I had imagined waking up to sunshine and rainbows again this morning, but instead woke up early to more rain and more wind. Since we had already spent almost 24 hours waiting out the storm, we figured we might as well just send it over Mt Crawford because who knows what the weather will do. By around 7:30am the rain had let up at least so we left the Nichols Hut and set forth up the mountain in the heavy fog. The ascent was like being in a gray tunnel as I couldn’t see anything besides the track right in front of me and grayness on either side. A light rain was falling but the wind was powerful and cold, blowing the rain forcefully onto me. Sure, sun and views would have been rad, but I kind of enjoyed the intensity of the high ridgeline storm. I was reminded of winter and really just thought about splitboarding the whole time and fucking crushed it. The trail was pretty slow moving too, steep and rocky with lots of muddy ruts, slippery footholds, and unstable brush. But eventually we began the descent towards the Waitawaewae Hut and whaddya know, the sun came out and the skies turned blue! But hey, how can you be upset about sunshine, even if it means you missed the views? The descent was a pretty brutal, relentlessly steep 3000 decline over slippery roots and moss. My knees were about ready to punch me in the face for such a beating, but I got to the hut just in time for a warm, sunny lunch break. For the next four hours we walked through a much mellower forest with smaller ups and downs, and flatter ground so I was actually able to stretch the legs out. We enjoyed some solid trail conversation before arriving at the Parawai Lodge, just before the rain began. We had the hut to ourselves for awhile until a very interesting Kiwi couple showed up. The pair shared their fruit and biscuits with us which was awesome. But even more awesome was the astronomy magazine that the dude had. Flipping through the pages, and with space being as fucking crazy and mind blowing as it is, Matt and I wound up in an intense, trippy conversation about the universe. I absolutely love diving into the space realm with people. The ideas thrown around are so far out my brain eats it up. This particular hut was uncomfortably full of cobwebs and spiders everywhere you look, so naturally I wanted Matt to eat one of the nasty, crusty webs. The odds were one out of a hundred and we said 72 and 73. I was so close but alas he got away without a cobweb down his throat. The couple probably thought we were total freaks but whatever. Sleep was calling my name and soon after I was asleep on the porch, free of spiders and any other creepy crawly thing in there!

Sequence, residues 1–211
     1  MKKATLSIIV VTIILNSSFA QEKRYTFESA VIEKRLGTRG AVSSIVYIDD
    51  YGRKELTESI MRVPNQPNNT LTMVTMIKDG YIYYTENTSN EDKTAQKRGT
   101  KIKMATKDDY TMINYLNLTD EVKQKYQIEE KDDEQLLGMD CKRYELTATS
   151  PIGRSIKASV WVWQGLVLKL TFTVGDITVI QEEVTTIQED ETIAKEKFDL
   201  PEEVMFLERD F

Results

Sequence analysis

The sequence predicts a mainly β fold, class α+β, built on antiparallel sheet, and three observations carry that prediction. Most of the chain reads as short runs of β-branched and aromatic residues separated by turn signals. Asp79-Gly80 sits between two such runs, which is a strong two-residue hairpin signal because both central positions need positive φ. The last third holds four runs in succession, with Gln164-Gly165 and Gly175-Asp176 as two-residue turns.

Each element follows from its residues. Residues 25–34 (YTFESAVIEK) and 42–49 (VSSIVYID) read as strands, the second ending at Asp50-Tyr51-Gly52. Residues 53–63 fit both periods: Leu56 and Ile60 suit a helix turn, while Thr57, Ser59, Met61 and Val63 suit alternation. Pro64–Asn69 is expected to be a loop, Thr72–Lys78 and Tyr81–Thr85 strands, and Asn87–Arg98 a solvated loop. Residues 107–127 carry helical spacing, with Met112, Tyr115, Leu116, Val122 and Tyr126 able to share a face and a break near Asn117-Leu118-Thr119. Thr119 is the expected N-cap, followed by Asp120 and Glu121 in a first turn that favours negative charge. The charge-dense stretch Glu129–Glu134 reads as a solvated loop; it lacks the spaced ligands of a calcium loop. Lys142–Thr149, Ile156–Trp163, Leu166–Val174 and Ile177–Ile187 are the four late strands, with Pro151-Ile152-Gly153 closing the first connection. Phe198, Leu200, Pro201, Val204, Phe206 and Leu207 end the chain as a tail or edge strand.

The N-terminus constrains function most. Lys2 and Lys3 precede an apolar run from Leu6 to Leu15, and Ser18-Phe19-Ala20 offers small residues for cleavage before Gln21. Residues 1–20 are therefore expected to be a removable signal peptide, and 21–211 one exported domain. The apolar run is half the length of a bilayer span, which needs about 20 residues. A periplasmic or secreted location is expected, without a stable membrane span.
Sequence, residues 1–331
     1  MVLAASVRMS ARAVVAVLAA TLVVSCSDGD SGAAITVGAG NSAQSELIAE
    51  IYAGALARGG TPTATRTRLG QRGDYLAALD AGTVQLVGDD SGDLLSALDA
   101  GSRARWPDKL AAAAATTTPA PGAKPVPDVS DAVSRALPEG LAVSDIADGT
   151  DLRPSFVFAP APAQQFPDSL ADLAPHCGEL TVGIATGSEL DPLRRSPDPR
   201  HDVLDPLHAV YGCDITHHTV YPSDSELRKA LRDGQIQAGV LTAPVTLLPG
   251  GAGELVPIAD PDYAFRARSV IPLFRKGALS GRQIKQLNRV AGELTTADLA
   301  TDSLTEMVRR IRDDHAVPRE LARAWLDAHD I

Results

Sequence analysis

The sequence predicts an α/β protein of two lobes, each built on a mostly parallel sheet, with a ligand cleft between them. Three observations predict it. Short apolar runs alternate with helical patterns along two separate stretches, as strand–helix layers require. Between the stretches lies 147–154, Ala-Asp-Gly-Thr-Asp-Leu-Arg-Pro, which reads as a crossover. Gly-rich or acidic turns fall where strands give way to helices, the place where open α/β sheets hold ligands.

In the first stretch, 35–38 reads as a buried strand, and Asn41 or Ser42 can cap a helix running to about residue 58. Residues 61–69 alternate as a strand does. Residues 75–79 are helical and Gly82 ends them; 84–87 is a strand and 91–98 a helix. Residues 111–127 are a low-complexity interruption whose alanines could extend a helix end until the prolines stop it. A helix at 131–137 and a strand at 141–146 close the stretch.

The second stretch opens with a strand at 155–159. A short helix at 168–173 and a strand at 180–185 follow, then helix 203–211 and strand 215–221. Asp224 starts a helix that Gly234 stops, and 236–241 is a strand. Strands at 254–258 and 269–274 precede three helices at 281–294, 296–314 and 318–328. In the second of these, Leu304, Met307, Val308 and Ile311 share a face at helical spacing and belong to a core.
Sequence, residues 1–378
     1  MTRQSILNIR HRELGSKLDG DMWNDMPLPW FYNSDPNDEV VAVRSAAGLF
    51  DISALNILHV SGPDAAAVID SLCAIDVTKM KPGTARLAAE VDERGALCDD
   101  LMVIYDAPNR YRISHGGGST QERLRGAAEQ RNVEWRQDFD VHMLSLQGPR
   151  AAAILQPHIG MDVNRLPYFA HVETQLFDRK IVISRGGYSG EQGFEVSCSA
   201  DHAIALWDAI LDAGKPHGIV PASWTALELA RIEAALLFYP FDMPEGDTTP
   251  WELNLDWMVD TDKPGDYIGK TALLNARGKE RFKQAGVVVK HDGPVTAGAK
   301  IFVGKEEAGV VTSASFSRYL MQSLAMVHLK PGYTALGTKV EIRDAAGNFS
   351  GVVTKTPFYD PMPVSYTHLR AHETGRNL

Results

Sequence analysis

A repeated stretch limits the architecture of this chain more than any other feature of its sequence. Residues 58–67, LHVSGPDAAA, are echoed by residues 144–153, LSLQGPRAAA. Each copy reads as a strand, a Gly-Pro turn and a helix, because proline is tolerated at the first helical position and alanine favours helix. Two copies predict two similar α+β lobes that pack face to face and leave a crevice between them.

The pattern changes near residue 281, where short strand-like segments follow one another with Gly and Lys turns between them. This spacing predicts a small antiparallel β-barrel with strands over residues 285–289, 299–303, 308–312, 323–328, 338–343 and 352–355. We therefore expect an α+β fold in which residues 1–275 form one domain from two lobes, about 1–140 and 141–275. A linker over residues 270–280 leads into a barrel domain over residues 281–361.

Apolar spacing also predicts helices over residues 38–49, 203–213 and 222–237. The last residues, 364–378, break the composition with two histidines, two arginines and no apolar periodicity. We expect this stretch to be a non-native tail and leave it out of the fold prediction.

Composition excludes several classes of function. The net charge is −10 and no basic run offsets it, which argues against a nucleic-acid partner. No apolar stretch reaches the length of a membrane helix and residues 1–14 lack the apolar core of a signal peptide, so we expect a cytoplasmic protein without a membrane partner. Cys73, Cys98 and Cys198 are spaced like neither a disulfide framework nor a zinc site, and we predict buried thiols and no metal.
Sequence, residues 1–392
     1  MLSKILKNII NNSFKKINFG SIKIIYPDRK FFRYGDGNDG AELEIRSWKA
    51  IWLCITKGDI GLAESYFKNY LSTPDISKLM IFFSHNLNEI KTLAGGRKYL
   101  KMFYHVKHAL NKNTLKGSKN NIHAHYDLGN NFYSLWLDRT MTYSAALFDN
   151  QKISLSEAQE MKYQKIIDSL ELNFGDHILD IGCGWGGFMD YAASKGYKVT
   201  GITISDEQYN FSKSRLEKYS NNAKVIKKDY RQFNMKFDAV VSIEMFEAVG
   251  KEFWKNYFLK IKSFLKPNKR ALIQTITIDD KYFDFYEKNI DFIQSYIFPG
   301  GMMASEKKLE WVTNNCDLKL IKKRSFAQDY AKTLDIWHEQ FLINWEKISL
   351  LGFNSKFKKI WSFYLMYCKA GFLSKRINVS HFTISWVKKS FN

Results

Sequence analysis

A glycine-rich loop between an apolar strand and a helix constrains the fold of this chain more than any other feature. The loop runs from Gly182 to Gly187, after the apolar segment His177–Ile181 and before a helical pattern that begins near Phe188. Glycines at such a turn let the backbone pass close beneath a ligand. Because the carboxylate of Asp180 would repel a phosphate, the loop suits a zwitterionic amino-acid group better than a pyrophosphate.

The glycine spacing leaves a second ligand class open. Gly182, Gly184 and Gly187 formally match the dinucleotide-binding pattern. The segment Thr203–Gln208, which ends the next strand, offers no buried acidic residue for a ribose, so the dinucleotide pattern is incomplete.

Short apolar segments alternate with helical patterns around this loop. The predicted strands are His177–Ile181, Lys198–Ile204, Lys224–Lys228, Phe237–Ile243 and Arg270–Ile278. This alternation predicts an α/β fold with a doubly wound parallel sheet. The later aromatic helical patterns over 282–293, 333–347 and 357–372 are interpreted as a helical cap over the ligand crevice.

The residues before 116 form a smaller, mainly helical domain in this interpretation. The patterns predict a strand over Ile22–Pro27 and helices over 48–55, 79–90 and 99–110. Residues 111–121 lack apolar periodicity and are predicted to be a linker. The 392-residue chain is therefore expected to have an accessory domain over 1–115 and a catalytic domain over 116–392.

Sunday, January 7th, 2018